IT was not exactly a date, neither could I say I knew him. He was just one of my sister’s friends and he and his biker friends were going to ride to Seremban, spend a night there, meet up with some friends and then head down to Port Dickson (Negri Sembilan).My sister had asked me to go along to make up the foursome. Of course I had seen him around my neighbourhood with his friends, but we had hardly exchanged any words beyond the occasional nod. How I got paired with him, I can hardly remember.

But there he was outside my humble shack, sitting astride his Vespa and with his jacket on. He was not handsome like Brad Pitt or Leonardo DiCaprio, but with his five-foot-eight frame and rugged looks, and tossed hair reaching to his shoulders like Ringo Starr of the Beatles, he did cause my heart to miss a beat.

As I held on to his shoulder and climbed up the bike, I was as nervous as a young girl out on her first date. I can still remember the blushes.

Some incidents about that trip have stayed fresh in my head till today. While the others joked and talked senselessly, he was quiet. Aren’t guys on bikes supposed to be outrageous, bold, brave and wild? I realised he was not, but he just enjoyed hanging out with his friends.

We finished our dinner in Seremban after meeting their friends and were crossing the street. We were just friends, but what made him stand out from the rest was how he held my hand and helped me across the road.The next day as we cruised along the winding trunk road, I sat behind him shivering from head to toe, my stomach making noises. The cold wind was beating against my cheeks and I could hear the whistling of the leaves as we whizzed by. Thoughts of hugging him from behind just to keep warm did cross my mind, but I would have died of embarrassment had I done so. Then I felt him draw my cold hands from behind into his jacket. And he held them there. I had never felt so relieved.

Since then, he has not let me go.

Today, he might have lost his rugged Ringo locks, his youth and his well-built frame, but he is still the same man I met 37 years ago. He still holds my hands when we walk, cross the road, and even in the cinema.He is still the loving, thoughtful man I fell in love with. He has always been the opposite of impatient me, who sometimes loses my temper.For all of him, I am thankful to his late parents for bringing up a fine young man who became my husband. I know he is not one to show his romantic side but come Valentine’s Day, in his quiet manner, he will still take me somewhere to dine and shop, just so he can see me happy.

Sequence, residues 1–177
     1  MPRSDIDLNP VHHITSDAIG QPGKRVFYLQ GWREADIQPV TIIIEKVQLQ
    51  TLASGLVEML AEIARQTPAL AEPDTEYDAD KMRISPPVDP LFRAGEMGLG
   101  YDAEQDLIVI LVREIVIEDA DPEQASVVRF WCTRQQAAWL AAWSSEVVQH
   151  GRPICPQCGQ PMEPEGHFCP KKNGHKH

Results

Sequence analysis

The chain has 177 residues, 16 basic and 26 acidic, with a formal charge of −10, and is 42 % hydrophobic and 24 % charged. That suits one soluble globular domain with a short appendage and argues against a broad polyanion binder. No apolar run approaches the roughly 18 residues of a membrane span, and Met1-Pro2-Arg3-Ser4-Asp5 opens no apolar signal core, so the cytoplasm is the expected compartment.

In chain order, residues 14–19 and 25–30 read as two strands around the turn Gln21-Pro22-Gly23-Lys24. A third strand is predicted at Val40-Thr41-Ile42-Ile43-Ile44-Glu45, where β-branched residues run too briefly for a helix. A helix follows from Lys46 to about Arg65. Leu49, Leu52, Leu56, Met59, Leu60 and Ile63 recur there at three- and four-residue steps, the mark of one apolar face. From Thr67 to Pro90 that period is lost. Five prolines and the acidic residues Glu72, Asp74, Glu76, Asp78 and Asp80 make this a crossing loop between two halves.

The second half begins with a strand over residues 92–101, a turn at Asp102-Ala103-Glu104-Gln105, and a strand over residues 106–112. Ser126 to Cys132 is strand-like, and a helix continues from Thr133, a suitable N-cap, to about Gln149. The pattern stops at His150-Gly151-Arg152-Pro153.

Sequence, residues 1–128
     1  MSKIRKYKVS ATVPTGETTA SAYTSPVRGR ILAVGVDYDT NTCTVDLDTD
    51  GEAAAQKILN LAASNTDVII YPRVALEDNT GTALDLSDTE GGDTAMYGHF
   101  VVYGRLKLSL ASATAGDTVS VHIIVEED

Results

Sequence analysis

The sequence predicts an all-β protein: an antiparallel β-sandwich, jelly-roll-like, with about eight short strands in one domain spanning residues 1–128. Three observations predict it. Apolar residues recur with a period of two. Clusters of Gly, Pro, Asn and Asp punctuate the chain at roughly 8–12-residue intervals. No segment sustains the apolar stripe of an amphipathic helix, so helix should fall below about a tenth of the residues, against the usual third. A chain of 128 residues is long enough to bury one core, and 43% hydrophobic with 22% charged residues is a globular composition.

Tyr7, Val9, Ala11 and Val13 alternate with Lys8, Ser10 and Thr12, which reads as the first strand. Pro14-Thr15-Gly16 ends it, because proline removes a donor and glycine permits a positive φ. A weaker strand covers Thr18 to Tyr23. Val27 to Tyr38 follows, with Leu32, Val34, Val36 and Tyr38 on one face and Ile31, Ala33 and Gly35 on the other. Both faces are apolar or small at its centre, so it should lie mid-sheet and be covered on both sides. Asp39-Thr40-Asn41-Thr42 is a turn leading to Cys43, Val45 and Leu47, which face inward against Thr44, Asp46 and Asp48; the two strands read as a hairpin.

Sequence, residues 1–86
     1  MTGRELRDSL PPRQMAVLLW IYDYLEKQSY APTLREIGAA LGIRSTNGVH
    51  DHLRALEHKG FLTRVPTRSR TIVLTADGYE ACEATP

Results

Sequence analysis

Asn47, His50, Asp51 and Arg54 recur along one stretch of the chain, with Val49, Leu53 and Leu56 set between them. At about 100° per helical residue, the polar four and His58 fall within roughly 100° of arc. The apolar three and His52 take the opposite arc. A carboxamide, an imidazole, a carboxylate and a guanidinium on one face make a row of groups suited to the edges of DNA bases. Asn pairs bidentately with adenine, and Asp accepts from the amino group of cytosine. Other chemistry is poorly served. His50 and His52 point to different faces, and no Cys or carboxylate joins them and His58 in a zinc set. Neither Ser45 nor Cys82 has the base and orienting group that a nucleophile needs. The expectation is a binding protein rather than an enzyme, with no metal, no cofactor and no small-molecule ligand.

To the love of my life, K.S. Ong, Happy Valentine’s Day!


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Walkabout in George Town, Penang(7-10/7/11)

My walkabout with friends at the George Town 3rd Anniversary World Heritage celebration:

The Sg.Nibong Fireflies – We stopped at a restaurant just a 5 minutes stop away from the  fireflies site. We tried the famous crunchy, fresh cuttlefish, fish cake and some vege. The night ride into the unknown was a great boating experience. As the  motorboat drew near the edge of the river and as our eyes adjusted to the darkness, there were hundreds and hundreds of glowing green lights  flickering on the cluttered trees. It was like Christmas time, with the trees all lighted up and glowing in darkness.

Straits Quay & the Light House

Cheong Fatt Tze

Watch Teo Chew Puppet Show held at the Yeng Keng Hotel while enjoying the many good food here.

Royal Selangor Pewter at Straits Quay, Jln.Seri Tanjung Pinang

Old charm, Jalan 100 & Multi-colored buildings

Putumayam, a traditional food made from rice flour and either with brown sugar & coconut or curry

Botanic garden

Sun Yat-Sen Centre

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Road to Talugtug-Mission fields John 4:35

Talugtug is 3 1/2 miles drive away from Clark Airport, Philippines. It is in the province of  Nueva Ecija, which is politically subdivided into 28 barangays.

It has only a population of 20,671 people in 4,168 households. As we entered this small village , we passed by golden brown padi fields that stretches for miles and miles away.  Despite the distance, I believe this is one place with the most number of churches, both Catholics & Protestants.  Reaching out to them seemed easier than  the people from other well-developed nations.

here we come

John 4:35  Jesus said, “Behold, I say to you, lift up your eyes and look at the fields, for they are already white unto harvest …”. The idea that we came as the laborers for the harvest seemed to fit in nicely ha!ha!  

Here, the local folks still pump water from the well, they lived in bamboo houses with attap-thatched or zinc roof-top. Most  households have  at least an acre of padi fields so you will notice that every meals come served with rice. The church in Talugtug is helmed by a young preacher, bro. Mel, a graduate from Four Seas college. Most of the members comprised of family members and are somewhat related to each other through marriage.

Activities carried out:

Revival meeting & Evangelism workshop in progress


Visitation on Wheels


After some personal studies, Arrisol & Jasmine, followed by Rosita & Jenifer the following day had their confessions taken & baptised into the Lord.

As it was the school holiday season, the members children and neighbors’ were curious & eager to see what we were doing there. It must be something new to them. Fortunately some of us came prepared  with children’s bible lessons and picture materials. Thats how the children class started initially with 15 kids and expanded to 25 the day before we left. It is our hope and prayer that the Sunday school program will continue to reach out to the neighbourhood.  Prov. 22:6 “Train up a child in the way he should go, And when he is old, he will not depart from it”. 
On the last day of the trip, we moved closer to the Clark airport. We got on a Jeepney(a public transport) to get to our hotel. It was one of the most frightening moment of our life. Instead of a 10 minutes ride, we went for a 1/2 hour terror ride, the ride that took use further and further away from our hotel, through dark, narrow back lanes.  And after we finally paid double the fare, we were so so relieved to see the jeepney approached the brightly lit streets. In the Philippines “BEWARE OF SCAM” was posted everywhere we went. Dont take this warning lightly!